See more from this Session: Bioenergy Production, Modeling, Sustainability, and Policy
Monday, November 1, 2010
Long Beach Convention Center, Exhibit Hall BC, Lower Level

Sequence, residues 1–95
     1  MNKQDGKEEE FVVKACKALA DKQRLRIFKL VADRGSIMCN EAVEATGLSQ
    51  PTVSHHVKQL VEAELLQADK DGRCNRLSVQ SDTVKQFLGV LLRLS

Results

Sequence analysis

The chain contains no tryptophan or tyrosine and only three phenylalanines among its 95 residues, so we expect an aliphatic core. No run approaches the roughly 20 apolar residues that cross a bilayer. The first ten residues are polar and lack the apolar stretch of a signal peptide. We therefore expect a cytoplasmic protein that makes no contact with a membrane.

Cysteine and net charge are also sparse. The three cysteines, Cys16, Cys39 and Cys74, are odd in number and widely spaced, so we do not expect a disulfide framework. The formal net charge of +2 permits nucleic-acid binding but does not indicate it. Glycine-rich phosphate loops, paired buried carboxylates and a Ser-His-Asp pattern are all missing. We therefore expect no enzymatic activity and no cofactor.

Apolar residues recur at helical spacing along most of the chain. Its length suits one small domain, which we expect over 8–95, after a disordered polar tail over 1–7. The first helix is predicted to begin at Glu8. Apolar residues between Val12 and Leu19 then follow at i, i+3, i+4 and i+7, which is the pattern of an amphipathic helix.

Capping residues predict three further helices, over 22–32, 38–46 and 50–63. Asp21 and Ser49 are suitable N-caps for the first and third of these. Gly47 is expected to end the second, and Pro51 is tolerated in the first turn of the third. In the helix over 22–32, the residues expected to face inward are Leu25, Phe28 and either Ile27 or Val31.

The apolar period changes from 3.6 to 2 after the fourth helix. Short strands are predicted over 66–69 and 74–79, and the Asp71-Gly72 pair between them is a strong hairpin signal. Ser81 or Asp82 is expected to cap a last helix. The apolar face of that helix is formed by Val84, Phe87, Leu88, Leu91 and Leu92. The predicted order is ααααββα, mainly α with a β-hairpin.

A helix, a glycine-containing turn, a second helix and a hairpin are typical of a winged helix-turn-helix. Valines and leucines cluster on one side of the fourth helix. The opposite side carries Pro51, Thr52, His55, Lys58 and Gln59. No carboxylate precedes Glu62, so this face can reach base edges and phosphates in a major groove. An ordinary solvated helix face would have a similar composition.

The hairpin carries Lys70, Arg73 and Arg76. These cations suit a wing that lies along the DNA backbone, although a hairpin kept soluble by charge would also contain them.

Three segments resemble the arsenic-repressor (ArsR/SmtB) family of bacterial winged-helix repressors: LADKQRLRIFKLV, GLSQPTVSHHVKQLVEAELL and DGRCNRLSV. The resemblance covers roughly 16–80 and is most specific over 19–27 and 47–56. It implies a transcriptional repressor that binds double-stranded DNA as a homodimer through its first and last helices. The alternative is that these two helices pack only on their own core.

Partitioning of C and N within perennial bioenergy crop tissues throughout the growing season impacts yield and survival. Our objective was to quantify seasonal N accumulation and partitioning among organs of Miscanthus x. giganteus, switchgrass (Panicum virgatum), and a big bluestem (Andropogon gerardii)-dominated prairie. Miscanthus and switchgrass plots received 56 kg ha-1 yr-1 of N while the prairie plots were unfertilized. Plants were sampled six times during the growing season and once in December. Plants were divided into roots, rhizomes, stem bases, and above-ground herbage, and were analyzed for yield and composition. In 2009 yield of the 2-yr-old Miscanthus stand in August (16.03 t ha-1) was greater than that of the 3-yr-old switchgrass stand (8.96 t ha-1) and the 28-yr-old prairie stand (3.47 t ha-1). While Miscanthus produced the most above-ground growth, it produced the least amount of total below-ground tissue in August, yielding 2.93 kg m-3 compared to the prairie (9.6 kg m-3) and the switchgrass (6.8 kg m-3). These below-ground tissues of switchgrass and Miscanthus had similar sugar (128 & 127 mg g-1 dry wt.) and starch (335 & 320 mg g-1 dry wt.) concentrations. Below-ground prairie tissues contained 123 mg g-1 dry wt. sugar, but had low starch concentrations (185 mg g-1 dry wt.). Data from 2010 will be reported. Quantities and above-/below-ground allocation patterns of total C, starches, and sugars suggest a comparative advantage for Miscanthus as a bioenergy crop. However, more research is needed to understand spatio-temporal production aspects including stand-age and soil fertility.